Searchers find 2 bones near Fossett crash site
MADERA, Calif. (AP) — Searchers have found what appears to be two large human bones near the crash site of adventurer Steve Fossett’s plane in California’s Sierra Nevada, authorities said Thursday.
Madera County Sheriff John Anderson said at a news conference the bones were found Wednesday about a half-mile east of the crash site.
He said investigators have sent the bones to a Department of Justice testing lab and should know in about a week whether they are Fossett’s.
Anderson said searchers also found Fossett’s tennis shoes, his Illinois driver’s license and credit cards. The shoes and driver’s license had animal bite marks on them.
“This reinforces our theory that animals dragged him away,” Anderson said.
He added that previous bone fragments discovered near the wreckage were either found to be not human or too small for DNA tests. Investigators have completed their work on the ground and do not plan to resume search efforts, Anderson said.
Fossett vanished on Labor Day in September 2007 after taking off from a Nevada ranch owned by hotel magnate Barron Hilton during what was supposed to be a short pleasure flight.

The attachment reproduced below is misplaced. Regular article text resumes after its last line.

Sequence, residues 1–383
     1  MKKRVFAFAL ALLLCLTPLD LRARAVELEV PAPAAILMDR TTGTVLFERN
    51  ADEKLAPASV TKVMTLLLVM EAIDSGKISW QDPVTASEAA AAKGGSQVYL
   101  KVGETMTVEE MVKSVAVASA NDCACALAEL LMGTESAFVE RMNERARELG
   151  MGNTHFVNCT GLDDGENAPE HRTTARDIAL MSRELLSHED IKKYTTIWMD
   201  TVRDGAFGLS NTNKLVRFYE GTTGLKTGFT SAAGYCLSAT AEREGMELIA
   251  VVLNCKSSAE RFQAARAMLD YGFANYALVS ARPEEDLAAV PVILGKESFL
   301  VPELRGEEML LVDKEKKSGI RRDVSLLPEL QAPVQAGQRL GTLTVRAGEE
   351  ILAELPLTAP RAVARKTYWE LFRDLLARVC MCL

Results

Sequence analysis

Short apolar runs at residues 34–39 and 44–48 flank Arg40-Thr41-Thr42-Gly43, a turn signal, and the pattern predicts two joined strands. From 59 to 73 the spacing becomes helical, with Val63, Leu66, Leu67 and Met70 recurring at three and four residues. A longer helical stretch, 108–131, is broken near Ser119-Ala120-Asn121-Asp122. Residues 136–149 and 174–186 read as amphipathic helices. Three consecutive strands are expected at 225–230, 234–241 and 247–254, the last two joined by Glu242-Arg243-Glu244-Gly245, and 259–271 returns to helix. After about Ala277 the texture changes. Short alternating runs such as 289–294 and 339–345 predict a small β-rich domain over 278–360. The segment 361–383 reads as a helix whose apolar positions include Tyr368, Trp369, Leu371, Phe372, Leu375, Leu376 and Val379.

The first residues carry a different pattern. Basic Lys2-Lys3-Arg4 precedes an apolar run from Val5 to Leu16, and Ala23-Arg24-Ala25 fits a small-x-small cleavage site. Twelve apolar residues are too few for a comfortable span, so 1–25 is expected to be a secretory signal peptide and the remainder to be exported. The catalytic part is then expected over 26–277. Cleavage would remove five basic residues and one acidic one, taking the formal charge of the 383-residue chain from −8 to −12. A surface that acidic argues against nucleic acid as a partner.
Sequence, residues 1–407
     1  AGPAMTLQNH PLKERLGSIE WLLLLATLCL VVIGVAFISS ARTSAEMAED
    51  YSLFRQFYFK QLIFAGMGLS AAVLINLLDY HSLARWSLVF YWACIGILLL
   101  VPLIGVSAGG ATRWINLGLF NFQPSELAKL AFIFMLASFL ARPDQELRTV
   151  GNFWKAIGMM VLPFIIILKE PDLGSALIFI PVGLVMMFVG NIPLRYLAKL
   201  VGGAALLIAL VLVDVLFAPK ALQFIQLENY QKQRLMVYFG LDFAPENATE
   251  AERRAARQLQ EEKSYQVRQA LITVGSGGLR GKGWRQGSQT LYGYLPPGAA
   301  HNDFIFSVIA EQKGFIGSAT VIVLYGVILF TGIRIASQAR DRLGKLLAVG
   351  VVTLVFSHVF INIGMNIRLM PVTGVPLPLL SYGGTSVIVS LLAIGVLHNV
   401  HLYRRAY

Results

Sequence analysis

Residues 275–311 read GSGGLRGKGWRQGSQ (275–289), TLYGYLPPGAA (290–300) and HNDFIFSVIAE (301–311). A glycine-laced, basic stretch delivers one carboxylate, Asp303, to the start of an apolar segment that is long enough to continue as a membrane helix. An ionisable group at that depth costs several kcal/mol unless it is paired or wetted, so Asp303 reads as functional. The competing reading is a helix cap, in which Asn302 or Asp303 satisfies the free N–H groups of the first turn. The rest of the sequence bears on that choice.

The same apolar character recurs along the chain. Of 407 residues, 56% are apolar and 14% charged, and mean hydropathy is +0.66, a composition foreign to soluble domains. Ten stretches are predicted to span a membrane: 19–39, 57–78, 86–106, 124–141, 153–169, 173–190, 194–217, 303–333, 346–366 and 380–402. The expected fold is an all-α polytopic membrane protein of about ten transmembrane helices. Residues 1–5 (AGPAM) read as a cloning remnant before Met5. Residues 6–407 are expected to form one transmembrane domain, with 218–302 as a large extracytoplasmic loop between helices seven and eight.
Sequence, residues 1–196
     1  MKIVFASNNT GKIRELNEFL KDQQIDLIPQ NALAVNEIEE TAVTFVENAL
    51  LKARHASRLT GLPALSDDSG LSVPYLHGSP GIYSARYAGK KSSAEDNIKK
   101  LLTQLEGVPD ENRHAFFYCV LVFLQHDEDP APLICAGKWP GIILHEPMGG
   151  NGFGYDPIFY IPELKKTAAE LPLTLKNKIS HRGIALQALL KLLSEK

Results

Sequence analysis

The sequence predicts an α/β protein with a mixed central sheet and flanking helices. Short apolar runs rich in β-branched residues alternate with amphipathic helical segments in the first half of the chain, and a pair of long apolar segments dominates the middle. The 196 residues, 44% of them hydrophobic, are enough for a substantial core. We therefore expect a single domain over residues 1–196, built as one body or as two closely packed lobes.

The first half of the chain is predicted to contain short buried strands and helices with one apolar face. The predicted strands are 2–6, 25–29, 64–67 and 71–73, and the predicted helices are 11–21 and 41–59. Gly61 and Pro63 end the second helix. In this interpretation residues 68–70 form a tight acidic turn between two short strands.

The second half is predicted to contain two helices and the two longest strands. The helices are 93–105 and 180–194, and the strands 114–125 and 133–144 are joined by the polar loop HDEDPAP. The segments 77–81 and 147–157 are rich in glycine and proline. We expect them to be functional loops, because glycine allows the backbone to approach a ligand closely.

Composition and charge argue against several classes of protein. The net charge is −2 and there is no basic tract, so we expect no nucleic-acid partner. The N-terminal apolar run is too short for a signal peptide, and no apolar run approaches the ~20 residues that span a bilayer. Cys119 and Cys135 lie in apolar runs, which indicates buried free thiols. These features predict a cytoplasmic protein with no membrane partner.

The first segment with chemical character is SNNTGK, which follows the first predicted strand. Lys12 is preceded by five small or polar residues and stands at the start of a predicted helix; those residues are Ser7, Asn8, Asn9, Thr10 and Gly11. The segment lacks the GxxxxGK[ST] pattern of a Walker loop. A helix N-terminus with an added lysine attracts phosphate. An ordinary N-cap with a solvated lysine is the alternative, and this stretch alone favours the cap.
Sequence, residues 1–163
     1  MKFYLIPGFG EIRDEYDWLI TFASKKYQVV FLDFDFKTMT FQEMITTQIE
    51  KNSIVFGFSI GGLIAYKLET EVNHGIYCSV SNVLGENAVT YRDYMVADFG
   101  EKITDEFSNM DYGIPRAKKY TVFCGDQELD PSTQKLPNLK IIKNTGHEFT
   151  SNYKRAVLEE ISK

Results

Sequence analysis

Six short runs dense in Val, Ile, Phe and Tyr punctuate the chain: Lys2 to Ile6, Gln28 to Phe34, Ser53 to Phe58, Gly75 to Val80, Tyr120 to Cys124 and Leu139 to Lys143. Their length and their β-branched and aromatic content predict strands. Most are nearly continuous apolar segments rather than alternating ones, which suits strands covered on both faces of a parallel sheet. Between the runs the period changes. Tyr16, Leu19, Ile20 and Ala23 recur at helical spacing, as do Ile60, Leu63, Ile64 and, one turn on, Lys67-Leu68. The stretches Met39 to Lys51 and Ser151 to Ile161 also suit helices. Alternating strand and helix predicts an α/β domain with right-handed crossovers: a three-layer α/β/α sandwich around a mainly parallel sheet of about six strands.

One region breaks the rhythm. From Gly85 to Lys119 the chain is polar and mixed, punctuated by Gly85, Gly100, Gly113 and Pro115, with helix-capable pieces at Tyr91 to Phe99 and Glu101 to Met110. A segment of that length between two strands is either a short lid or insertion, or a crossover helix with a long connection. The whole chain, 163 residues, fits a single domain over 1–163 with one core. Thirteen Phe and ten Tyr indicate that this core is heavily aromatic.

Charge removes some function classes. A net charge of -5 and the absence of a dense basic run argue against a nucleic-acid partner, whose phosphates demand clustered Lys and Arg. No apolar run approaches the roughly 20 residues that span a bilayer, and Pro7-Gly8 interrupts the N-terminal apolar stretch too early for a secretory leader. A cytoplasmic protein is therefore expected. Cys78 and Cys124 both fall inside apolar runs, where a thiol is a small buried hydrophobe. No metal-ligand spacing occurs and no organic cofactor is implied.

His disappearance spurred a huge search that covered 20,000 square miles, cost millions of dollars and included the use of infrared technology.
For a while, many of Fossett’s friends held out hope he survived, given his many close scrapes with death over the years. But a judge declared him legally dead in February, and his plane wreckage was found earlier this month after a hiker came across his pilot identification cards amid a pile of weathered $100 bills west of Mammoth Lakes in the eastern Sierra.
Authorities have said Fossett slammed into a mountainside at about 10,000 feet and died instantly. The cause of the crash is still under investigation.
Fossett’s widow, Peggy, said in a statement Thursday that the discovery of bones was “another step in the process of completing the investigation into the tragic accident that took Steve’s life.”
Fossett made a fortune in the Chicago commodities market and gained worldwide fame for setting records in high-tech balloons, gliders, jets and boats. In 2002, he became the first person to circle the world solo in a balloon.
An Illinois judge declared him legally dead in February.